Nothing of note really.  One or two players and um, that’s pretty much it - like just about all the other computer versions.  The high score table is better than in the arcade I guess.

Conclusion/Overall: D+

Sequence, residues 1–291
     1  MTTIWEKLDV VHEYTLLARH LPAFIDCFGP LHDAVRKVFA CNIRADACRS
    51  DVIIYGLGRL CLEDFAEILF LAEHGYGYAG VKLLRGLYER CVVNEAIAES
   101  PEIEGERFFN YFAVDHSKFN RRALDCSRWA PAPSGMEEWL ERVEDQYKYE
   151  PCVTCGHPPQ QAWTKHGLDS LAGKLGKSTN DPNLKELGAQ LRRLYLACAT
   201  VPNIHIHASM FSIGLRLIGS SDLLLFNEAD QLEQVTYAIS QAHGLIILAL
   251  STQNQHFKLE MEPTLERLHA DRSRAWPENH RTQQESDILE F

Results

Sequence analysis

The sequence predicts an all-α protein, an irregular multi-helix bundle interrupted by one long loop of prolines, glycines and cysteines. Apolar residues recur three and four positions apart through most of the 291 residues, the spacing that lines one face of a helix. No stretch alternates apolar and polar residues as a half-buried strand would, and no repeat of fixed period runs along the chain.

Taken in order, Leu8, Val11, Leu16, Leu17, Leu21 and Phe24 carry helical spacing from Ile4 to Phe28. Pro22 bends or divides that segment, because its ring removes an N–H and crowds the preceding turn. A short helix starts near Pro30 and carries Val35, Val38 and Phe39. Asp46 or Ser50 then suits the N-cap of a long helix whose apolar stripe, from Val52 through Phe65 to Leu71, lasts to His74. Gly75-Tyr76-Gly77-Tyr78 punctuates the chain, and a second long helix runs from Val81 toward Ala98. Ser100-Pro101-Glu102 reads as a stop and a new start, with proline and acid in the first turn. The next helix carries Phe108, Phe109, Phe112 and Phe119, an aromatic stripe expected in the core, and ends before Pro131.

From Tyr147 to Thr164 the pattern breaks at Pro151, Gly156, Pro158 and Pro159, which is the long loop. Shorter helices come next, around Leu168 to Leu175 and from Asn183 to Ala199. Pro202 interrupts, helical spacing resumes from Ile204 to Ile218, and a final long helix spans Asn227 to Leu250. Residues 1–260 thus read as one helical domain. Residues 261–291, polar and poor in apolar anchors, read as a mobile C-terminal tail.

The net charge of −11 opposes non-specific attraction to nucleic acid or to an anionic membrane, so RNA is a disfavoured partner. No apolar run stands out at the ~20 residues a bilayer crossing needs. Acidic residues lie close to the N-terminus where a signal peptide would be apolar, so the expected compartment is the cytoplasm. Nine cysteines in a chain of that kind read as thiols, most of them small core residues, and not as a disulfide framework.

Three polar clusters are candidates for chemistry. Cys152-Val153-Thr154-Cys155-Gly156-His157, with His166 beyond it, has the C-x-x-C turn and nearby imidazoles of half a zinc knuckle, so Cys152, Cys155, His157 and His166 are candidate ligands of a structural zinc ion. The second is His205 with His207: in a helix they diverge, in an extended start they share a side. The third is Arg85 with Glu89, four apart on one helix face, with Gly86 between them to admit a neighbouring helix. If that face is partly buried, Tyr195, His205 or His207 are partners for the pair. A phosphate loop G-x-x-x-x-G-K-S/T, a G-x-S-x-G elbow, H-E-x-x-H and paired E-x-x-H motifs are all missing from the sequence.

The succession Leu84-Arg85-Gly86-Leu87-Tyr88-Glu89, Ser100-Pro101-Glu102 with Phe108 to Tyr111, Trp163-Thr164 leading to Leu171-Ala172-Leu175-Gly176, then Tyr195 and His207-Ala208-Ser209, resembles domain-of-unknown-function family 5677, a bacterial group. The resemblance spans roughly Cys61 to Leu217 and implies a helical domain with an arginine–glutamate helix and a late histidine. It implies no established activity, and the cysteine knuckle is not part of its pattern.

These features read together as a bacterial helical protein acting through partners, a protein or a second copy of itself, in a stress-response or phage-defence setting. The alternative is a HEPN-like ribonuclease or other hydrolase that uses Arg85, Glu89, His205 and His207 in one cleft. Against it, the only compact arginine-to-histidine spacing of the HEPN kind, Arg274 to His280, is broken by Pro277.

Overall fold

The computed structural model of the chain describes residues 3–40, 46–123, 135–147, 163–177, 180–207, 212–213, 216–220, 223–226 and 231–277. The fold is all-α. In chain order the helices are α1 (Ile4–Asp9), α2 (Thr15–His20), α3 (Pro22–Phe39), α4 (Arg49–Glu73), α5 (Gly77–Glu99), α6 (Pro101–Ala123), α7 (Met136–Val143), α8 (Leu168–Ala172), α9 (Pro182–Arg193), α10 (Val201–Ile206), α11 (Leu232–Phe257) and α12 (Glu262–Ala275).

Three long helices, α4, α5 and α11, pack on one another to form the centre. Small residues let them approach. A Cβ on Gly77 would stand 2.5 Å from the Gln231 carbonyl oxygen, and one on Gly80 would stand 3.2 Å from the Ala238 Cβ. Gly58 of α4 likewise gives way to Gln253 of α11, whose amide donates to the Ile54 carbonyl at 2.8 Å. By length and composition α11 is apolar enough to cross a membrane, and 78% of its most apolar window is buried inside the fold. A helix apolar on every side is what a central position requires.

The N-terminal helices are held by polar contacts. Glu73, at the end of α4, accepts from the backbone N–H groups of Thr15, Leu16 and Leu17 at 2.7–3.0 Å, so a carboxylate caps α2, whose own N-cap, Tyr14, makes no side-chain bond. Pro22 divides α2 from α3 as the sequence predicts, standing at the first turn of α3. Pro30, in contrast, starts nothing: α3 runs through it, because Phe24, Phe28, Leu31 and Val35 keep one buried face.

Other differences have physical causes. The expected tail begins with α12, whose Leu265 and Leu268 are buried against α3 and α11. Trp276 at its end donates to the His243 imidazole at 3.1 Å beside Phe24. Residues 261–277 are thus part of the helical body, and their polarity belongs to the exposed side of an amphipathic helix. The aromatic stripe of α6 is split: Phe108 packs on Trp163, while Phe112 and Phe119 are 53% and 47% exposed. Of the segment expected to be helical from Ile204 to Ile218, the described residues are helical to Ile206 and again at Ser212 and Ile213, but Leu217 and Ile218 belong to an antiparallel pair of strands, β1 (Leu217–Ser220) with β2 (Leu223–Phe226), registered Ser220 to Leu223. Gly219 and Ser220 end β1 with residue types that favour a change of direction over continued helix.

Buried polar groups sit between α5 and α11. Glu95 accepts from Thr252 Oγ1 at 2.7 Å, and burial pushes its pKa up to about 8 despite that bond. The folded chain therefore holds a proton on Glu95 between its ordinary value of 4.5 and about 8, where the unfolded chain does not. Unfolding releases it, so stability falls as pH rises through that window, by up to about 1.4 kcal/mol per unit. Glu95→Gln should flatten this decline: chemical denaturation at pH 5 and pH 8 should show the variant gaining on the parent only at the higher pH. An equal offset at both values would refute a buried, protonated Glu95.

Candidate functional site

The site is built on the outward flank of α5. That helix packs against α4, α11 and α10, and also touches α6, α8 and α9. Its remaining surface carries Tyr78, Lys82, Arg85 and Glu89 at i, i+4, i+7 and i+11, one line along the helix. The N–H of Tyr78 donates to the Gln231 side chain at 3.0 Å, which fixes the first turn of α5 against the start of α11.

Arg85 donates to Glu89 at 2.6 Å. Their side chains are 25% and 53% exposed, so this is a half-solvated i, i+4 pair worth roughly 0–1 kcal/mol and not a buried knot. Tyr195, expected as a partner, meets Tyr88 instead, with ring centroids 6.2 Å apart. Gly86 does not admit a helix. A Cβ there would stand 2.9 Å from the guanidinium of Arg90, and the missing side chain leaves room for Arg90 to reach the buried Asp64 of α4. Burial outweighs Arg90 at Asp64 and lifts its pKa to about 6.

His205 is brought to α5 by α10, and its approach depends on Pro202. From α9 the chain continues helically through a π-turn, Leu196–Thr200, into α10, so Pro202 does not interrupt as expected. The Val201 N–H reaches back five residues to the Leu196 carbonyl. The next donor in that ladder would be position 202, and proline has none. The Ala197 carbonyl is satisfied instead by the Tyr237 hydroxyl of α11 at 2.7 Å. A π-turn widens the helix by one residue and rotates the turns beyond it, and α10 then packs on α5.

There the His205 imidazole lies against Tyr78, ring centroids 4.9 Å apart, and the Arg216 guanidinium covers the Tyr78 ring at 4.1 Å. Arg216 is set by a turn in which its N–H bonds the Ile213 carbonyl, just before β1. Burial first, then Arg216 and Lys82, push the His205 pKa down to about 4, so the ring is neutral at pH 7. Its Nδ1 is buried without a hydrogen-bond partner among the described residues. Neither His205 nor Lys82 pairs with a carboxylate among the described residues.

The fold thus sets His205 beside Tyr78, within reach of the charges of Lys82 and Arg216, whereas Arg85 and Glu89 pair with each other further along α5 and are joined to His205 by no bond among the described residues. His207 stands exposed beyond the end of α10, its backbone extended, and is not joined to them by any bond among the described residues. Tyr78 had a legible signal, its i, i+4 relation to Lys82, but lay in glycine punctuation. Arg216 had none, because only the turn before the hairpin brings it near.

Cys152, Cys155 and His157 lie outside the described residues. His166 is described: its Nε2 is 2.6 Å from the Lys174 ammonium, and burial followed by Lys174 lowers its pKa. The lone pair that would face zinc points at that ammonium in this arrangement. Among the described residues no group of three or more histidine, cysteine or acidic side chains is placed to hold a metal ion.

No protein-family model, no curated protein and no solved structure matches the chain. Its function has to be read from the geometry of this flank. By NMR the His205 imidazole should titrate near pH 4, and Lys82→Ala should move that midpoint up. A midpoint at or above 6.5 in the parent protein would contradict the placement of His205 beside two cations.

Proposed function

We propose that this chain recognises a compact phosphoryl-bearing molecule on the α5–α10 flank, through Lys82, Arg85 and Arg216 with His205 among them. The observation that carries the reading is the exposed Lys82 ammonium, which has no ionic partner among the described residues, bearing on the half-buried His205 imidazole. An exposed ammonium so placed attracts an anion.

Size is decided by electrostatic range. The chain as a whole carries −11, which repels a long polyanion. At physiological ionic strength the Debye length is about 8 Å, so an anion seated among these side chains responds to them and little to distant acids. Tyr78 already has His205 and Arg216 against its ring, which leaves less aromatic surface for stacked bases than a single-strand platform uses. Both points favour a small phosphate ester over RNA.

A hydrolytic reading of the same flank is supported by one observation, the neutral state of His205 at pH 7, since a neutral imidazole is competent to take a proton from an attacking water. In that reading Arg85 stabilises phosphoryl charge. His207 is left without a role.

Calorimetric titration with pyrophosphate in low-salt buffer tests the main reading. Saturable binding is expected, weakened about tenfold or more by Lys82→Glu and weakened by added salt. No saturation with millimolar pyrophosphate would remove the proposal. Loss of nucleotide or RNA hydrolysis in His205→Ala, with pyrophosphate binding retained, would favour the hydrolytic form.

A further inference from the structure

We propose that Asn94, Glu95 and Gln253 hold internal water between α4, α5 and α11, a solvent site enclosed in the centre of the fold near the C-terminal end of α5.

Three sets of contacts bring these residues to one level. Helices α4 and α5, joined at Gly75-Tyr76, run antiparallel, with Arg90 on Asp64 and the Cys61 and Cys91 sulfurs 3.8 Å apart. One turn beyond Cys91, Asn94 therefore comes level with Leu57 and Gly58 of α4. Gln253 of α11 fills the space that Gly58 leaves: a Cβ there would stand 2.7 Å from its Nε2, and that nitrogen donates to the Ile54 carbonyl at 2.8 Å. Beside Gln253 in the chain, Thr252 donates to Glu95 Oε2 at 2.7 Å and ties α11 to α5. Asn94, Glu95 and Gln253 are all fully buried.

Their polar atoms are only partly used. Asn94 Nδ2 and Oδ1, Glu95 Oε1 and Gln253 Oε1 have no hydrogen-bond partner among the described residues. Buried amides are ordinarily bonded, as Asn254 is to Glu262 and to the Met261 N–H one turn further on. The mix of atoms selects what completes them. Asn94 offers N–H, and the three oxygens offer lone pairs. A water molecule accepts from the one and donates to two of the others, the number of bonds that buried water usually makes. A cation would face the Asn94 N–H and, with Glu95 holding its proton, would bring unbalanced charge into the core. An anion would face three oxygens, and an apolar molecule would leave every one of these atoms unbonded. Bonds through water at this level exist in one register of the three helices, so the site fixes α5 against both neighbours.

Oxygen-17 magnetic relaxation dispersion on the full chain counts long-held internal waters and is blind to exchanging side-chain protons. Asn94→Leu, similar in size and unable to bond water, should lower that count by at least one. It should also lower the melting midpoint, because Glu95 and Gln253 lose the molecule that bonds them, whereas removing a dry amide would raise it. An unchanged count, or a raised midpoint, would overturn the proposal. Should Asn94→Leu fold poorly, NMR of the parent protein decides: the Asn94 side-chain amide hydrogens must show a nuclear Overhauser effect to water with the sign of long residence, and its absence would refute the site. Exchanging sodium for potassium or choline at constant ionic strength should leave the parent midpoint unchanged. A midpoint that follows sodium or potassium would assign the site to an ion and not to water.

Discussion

Some people have a few good memories of this one, though I’m not sure why.  Perhaps they never saw the coin-op.  Anyway, the Amiga version is exactly the same as the Atari ST version in every way and it’s obvious that this was used as a blueprint when the developers created the decent Amstrad version, but this doesn’t mean that this is any good.  Both the ST and Amiga were capable of so much more. You could say it was good enough based on what was released back then, receiving 62 percent in the March 1989 issue of Zzap64 (popular UK Commodore magazine), but even their conclusion was negative; “Not a bad game, but a rather weak conversion….  In my book, being a weak conversion is what ruins the entire point of the game.  People bought arcade ports because that’s what they thought they were getting (the main problem I had with the NES game).  In fact, I always wished that someone would give it another try because I know that the Amiga and ST could have pulled Double Dragon off really well.  Even if the original coin-op didn’t exist, I would still probably consider this weak.  Basically, the game is ruined by poor controls, some horrendous looking sprites, the lame animation and the difficulty being set too low with far too many credits to boot (join the club).  That is, until you get to the final mission where the obstacles in the Shadow Boss’ lair will just destroy you.  How stupid is it that you will probably make it all the way through most of the game with all five credits remaining only to have a block come out of the wall and take a whole life away, again and again?  Talk about poor difficulty balance, not only does this make the Master System version seem morally justified but it’s even more annoying than those jumps you have to make in the Game Boy version.  The sound only makes matters worse and if I haven’t mentioned the small play area, I have now.  This is more like a public domain or shareware version of Double Dragon; certainly not a version you would buy in the shops at full price (costing more than twice as much as the Spectrum, C64 and Amstrad versions).  Then again, I remember non-professional games with far better graphics, sound and game play than this seemingly rushed effort.  Too easy (see a pattern here?), too dull and too short (you’ll finish it in less than 20 minutes, I promise you).  The whole thing feels as though it has been programmed by somebody who simply didn’t care enough.